Sox pay tribute, pass on free pass

They don't walk Anderson with Ripken on deck

`not what he stands for'

October 07, 2001|By Ken Murray | Ken Murray,SUN STAFF

Joe Kerrigan played it by the book. Even in the last inning of the last game of the season, with nowhere to go but home, the manager of the Boston Red Sox would not deviate from baseball protocol.

And so, Cal Ripken's career ended in the on-deck circle, not the batter's box, much to the consternation of a sellout crowd of 48,807 at Camden Yards.

Kerrigan said he decided against walking Brady Anderson in the ninth inning to allow Ripken one final plate appearance because that's not the way the Orioles' icon played the game.

"I was thinking about the integrity of the game and what Ripken stands for," Kerrigan said after Boston's 5-1 victory closed out Ripken's 21st major-league season.

"When you mess with the integrity of the game, that's not what that man over there stands for."

It was a night of nostalgia and tributes, including a good share from the Red Sox themselves, who went back out on the field to watch Ripken's farewell speech.

"A remarkable night," Red Sox pitcher David Cone said after throwing Ripken an 0-for-3 farewell. "It was fitting it was here at home for Cal. It was an honor for me to be part of this game. Just to be in the ballpark all night felt great."

Cone said he threw Ripken only fastballs in what amounted to the classic confrontation.

"I challenged him all night," Cone said. "He swing the bat pretty well. The first time up he just hit the ball too hard. If he got a little lift, he would have hit a home run."

Ripken's first at-bat was a hard liner to left fielder Troy O'Leary. His second resulted in a popup behind shortstop. On his third - and final - at-bat, he hit a lazy fly to center fielder Trot Nixon. In baseball's scoring system, Baltimore's No. 8 flied out to eight, or center field.

Like everyone else in the ballpark, Cone figured it was likely Ripken's final plate appearance. Like everyone else, he had to recognize baseball's Iron Man.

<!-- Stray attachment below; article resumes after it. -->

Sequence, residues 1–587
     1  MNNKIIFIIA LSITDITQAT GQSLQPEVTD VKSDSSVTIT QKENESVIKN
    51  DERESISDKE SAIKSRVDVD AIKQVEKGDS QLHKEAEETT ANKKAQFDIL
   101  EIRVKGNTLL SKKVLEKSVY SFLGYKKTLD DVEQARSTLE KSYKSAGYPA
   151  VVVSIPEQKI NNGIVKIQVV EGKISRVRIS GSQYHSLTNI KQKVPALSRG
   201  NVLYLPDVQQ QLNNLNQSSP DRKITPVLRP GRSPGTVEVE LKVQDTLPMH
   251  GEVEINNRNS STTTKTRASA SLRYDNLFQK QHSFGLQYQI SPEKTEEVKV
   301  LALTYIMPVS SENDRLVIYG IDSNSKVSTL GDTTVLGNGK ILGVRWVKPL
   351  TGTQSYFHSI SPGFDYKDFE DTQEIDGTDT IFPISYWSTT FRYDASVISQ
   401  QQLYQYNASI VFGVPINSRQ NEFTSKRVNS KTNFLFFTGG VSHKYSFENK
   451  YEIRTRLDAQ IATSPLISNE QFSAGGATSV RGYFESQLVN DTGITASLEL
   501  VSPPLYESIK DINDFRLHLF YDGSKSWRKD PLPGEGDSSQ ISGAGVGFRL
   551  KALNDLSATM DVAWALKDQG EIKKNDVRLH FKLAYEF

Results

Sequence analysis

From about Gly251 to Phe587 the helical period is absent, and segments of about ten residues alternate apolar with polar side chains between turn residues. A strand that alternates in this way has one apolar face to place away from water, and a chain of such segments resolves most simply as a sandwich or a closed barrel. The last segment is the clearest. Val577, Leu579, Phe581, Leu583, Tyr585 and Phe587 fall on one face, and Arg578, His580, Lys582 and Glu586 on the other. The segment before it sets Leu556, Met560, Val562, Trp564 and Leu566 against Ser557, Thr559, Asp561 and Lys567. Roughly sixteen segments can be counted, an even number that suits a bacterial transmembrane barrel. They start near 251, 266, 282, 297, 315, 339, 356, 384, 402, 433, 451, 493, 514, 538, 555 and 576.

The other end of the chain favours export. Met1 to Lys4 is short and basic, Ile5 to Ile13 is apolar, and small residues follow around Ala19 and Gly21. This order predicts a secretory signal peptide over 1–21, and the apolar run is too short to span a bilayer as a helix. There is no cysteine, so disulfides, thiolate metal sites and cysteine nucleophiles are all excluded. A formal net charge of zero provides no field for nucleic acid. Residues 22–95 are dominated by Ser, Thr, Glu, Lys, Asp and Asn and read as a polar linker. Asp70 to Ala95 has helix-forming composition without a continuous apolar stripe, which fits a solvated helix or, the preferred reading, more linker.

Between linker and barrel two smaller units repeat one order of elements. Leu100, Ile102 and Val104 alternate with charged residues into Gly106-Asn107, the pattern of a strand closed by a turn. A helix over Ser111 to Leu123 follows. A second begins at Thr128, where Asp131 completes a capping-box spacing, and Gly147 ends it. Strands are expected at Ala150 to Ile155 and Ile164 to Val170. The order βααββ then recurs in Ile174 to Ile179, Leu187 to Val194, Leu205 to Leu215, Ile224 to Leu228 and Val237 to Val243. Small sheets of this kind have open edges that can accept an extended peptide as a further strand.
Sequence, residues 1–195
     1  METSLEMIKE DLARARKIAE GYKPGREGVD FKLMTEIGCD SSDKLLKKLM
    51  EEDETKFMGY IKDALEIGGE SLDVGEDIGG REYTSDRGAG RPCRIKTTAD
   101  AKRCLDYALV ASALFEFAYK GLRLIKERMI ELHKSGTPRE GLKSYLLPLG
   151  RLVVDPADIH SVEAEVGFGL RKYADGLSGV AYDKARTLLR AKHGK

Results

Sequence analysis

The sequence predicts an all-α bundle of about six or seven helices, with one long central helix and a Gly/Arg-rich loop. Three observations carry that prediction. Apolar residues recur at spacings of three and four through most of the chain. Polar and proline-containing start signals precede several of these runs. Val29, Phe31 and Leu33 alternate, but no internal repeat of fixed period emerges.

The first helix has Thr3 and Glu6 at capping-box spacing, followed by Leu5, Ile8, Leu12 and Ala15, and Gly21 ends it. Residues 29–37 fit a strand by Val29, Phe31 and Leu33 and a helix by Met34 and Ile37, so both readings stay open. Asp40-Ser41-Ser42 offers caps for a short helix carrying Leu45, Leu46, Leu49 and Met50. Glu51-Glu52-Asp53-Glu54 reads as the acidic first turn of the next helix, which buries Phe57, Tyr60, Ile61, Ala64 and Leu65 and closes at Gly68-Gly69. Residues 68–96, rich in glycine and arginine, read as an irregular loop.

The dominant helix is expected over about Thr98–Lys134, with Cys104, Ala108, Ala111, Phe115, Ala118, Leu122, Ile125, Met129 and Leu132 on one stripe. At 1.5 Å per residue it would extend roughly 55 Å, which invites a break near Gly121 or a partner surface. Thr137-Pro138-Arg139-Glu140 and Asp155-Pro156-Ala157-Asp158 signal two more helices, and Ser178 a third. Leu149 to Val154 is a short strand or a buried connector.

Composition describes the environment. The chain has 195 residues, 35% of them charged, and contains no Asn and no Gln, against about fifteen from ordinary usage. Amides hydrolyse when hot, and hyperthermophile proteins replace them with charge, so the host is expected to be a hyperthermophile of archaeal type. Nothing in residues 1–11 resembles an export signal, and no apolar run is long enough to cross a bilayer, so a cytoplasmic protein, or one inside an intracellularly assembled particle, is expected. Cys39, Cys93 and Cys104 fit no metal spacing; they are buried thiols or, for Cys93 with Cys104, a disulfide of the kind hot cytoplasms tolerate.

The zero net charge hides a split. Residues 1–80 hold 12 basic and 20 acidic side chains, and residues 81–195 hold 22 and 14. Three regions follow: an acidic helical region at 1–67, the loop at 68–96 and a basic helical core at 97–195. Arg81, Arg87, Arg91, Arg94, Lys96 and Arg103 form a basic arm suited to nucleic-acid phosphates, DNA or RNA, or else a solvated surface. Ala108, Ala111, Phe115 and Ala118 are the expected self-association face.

"I did have to pause," Cone said. "I stepped off the mound and I gave him a standing ovation out there."

Cone, who has thrown a perfect game in his illustrious career, took off his glove and applauded Ripken.

It was an emotional evening for the Red Sox, as well.

"I think it already was a different feeling when I woke up this morning, knowing it was the end of the season and the end of a career," said Boston catcher Joe Oliver. "You can't help but get goose bumps when you come to the park and see your name in the lineup. ... You can't help pull for the guy."

Nixon, who has worked at Ripken's off-season fantasy camps, got to shake his hand during Ripken's post-game trip around the stadium.

"It was awesome, great, emotional," Nixon said. "A lot of people don't realize the significance of this. [But] I know how important he is to this game."

Nixon realized, too, that he had a special place in history when he caught Ripken's eighth-inning fly ball. "I thought about it [being his final at-bat], and I caught the ball and turned around and looked at him."

Most of the Red Sox said they will remember Ripken for the way he carried himself, the way he approached the game, and the way he dealt with others.

"The thing I'll remember him most for is his professionalism," said pitcher Tim Wakefield. "What he brought to the game, to go day in and day out without complaining about anything. That truly exemplifies what the game is all about. He is a true ambassador."

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